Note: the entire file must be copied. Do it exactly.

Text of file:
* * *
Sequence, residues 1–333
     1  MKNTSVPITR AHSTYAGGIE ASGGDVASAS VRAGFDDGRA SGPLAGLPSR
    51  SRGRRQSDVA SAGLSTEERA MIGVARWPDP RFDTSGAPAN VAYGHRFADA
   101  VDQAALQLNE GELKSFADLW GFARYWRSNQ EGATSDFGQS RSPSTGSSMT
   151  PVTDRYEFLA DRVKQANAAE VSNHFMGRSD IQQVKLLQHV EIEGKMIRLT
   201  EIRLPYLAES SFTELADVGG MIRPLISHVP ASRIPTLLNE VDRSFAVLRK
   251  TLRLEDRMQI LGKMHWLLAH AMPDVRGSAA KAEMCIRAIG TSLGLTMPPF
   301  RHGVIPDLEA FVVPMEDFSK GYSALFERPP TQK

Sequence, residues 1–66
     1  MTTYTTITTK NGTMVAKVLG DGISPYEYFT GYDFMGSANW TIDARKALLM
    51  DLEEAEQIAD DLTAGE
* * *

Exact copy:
Sequence, residues 1–333
     1  MKNTSVPITR AHSTYAGGIE ASGGDVASAS VRAGFDDGRA SGPLAGLPSR
    51  SRGRRQSDVA SAGLSTEERA MIGVARWPDP RFDTSGAPAN VAYGHRFADA
   101  VDQAALQLNE GELKSFADLW GFARYWRSNQ EGATSDFGQS RSPSTGSSMT
   151  PVTDRYEFLA DRVKQANAAE VSNHFMGRSD IQQVKLLQHV EIEGKMIRLT
   201  EIRLPYLAES SFTELADVGG MIRPLISHVP ASRIPTLLNE VDRSFAVLRK
   251  TLRLEDRMQI LGKMHWLLAH AMPDVRGSAA KAEMCIRAIG TSLGLTMPPF
   301  RHGVIPDLEA FVVPMEDFSK GYSALFERPP TQK

Sequence, residues 1–66
     1  MTTYTTITTK NGTMVAKVLG DGISPYEYFT GYDFMGSANW TIDARKALLM
    51  DLEEAEQIAD DLTAGE